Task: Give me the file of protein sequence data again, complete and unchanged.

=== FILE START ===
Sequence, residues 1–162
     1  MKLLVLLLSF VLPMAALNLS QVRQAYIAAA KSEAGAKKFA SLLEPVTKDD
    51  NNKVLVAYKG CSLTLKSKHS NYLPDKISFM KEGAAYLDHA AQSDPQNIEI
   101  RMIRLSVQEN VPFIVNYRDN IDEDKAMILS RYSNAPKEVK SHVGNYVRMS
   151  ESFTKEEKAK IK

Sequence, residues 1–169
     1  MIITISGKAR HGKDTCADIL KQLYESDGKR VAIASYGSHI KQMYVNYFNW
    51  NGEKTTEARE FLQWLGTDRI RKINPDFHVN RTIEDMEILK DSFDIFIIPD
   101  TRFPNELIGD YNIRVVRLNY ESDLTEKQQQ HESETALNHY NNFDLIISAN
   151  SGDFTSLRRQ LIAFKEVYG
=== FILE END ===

Sequence, residues 1–162
     1  MKLLVLLLSF VLPMAALNLS QVRQAYIAAA KSEAGAKKFA SLLEPVTKDD
    51  NNKVLVAYKG CSLTLKSKHS NYLPDKISFM KEGAAYLDHA AQSDPQNIEI
   101  RMIRLSVQEN VPFIVNYRDN IDEDKAMILS RYSNAPKEVK SHVGNYVRMS
   151  ESFTKEEKAK IK

Sequence, residues 1–169
     1  MIITISGKAR HGKDTCADIL KQLYESDGKR VAIASYGSHI KQMYVNYFNW
    51  NGEKTTEARE FLQWLGTDRI RKINPDFHVN RTIEDMEILK DSFDIFIIPD
   101  TRFPNELIGD YNIRVVRLNY ESDLTEKQQQ HESETALNHY NNFDLIISAN
   151  SGDFTSLRRQ LIAFKEVYG